How to mount andymark climber in a box

My team recently bot an andymark climber in a box, and were wondering how teams were mounting it to their robot, specifically the kitbot. What’s the best way to do that?


I know some teams have drilled holes for mounting in the bottom of the outer tubing where it isn’t in the way of the telescopes, and then clamping it at the top to stop it from rotating. My team did a custom telescoping tube, so I don’t have personal experience though.

We used the existing bracket holes and replaced the kit screws with slightly longer versions.


Ours is in the center of the bot, there’s a double 80/20 bar that goes across the robot and the hook is mounted on a hinge. I don’t know exactly how it connects but I can take a picture next week if it would help.


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The key thing is getting the winch secured to the chassis, as that drum is carrying the robot weight. As such, I recommend having the bolts which mount the winch to the tube also serve as mount to the chassis.

If your climber will mount forward or behind your drive gearbox, a cross plate would be a great way to mount it- put the two-rows flange down and secure to the chassis at the bottom with threaded fasteners and lock nuts. (Not rivets as this will be under tension!) Then, mount the winch to the vertical portion of the cross plate. If doing this, you probably want to turn the winch 90 degrees to the hook compared to the drawings. (That is, the winch plates will not be parallel to the hook plates, but rotated about the tube axis, so the winch plates are perpendicular to the hook plates.)

Our team made several modifications to the stock climber that worked well:

  • We omitted the motor mount plates and mounted the motor directly to the 2" tubing using a small 3-d printed spacer plate the same thickness as the hex bearing flange. The cord was threaded through a hole drilled in the hex shaft and secured with a knot. This was done for packaging reasons.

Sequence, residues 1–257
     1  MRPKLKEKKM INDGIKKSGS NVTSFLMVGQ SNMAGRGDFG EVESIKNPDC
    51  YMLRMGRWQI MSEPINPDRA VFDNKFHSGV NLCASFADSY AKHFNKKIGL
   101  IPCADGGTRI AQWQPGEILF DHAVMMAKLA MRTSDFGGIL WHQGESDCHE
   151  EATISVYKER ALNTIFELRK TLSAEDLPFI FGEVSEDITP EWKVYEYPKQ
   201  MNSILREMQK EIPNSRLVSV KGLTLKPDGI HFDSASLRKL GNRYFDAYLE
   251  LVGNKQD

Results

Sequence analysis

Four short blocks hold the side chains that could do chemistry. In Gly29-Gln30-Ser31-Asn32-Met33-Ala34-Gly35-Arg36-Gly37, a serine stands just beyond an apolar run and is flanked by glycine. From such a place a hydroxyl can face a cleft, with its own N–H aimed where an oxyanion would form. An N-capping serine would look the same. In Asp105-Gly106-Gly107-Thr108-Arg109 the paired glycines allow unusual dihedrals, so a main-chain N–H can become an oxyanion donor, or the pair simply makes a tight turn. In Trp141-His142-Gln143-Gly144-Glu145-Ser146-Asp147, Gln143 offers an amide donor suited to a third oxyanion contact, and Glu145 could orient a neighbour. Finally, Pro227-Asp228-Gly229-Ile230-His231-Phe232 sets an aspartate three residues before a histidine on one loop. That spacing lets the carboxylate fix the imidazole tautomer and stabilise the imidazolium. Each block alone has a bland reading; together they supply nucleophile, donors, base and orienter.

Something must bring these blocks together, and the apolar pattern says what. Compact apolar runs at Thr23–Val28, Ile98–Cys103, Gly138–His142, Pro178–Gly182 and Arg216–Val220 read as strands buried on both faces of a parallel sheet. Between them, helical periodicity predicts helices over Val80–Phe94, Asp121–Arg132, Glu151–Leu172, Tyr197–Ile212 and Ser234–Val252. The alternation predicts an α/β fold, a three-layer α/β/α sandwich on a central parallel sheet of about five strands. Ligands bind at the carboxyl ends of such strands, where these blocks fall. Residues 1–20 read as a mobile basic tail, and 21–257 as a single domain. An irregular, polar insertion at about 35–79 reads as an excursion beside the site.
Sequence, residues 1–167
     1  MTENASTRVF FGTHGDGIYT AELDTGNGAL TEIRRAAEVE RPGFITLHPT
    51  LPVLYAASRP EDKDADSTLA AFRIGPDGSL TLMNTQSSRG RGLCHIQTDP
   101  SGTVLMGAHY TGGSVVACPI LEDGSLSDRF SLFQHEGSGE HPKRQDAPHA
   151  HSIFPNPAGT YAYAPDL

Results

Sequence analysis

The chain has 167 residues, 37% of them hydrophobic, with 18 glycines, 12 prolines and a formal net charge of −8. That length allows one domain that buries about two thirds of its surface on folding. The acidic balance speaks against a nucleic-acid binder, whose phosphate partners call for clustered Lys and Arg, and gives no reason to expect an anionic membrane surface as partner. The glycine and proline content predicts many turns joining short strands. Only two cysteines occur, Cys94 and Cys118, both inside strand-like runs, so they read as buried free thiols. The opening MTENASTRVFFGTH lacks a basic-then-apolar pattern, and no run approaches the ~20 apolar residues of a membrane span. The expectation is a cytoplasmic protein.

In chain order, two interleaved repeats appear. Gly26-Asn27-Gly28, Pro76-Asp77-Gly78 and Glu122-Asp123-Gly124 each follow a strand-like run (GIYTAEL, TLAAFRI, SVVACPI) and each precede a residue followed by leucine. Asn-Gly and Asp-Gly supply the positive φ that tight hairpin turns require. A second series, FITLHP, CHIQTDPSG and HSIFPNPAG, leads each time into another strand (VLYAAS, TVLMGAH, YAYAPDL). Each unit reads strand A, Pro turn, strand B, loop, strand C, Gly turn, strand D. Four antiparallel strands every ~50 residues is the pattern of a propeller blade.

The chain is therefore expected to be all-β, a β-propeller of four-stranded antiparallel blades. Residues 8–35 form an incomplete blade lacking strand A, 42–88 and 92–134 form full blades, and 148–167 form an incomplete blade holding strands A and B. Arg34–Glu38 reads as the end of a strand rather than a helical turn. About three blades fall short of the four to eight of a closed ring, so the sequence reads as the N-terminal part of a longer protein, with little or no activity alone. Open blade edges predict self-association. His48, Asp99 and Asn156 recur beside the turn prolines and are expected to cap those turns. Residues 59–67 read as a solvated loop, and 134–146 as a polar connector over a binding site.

• The 2" tubing was extended an additional inch below the motor location to provide an additional mounting point.

The arm was mounted to the chassis at two points. Up high we used a 2" square U-bolt and a 3-d printed spacer to clamp the tubing to one plate of a hinge, which was then bolted to an upper cross-member of the robot frame. At the bottom, in that 1" extension, we bolted the climber to the frame using an over-long bolt that compressed a spring captured between two fender washers.

The idea is that most of the load goes through the upper U-bolt, but the lower bolt+spring both constrains the climber vertically should it slip through the U-bolt and also provides compliance when the arm gets banged against the hangar bars, reducing the chance that bending loads cause damage to the tubing.

This plus two fixed length folding hooks that can articulate forward and backwards has given us a rock-solid traversal climber. In our second event we traversed in every match except one where we ran out of time. The climber has not required any repairs.

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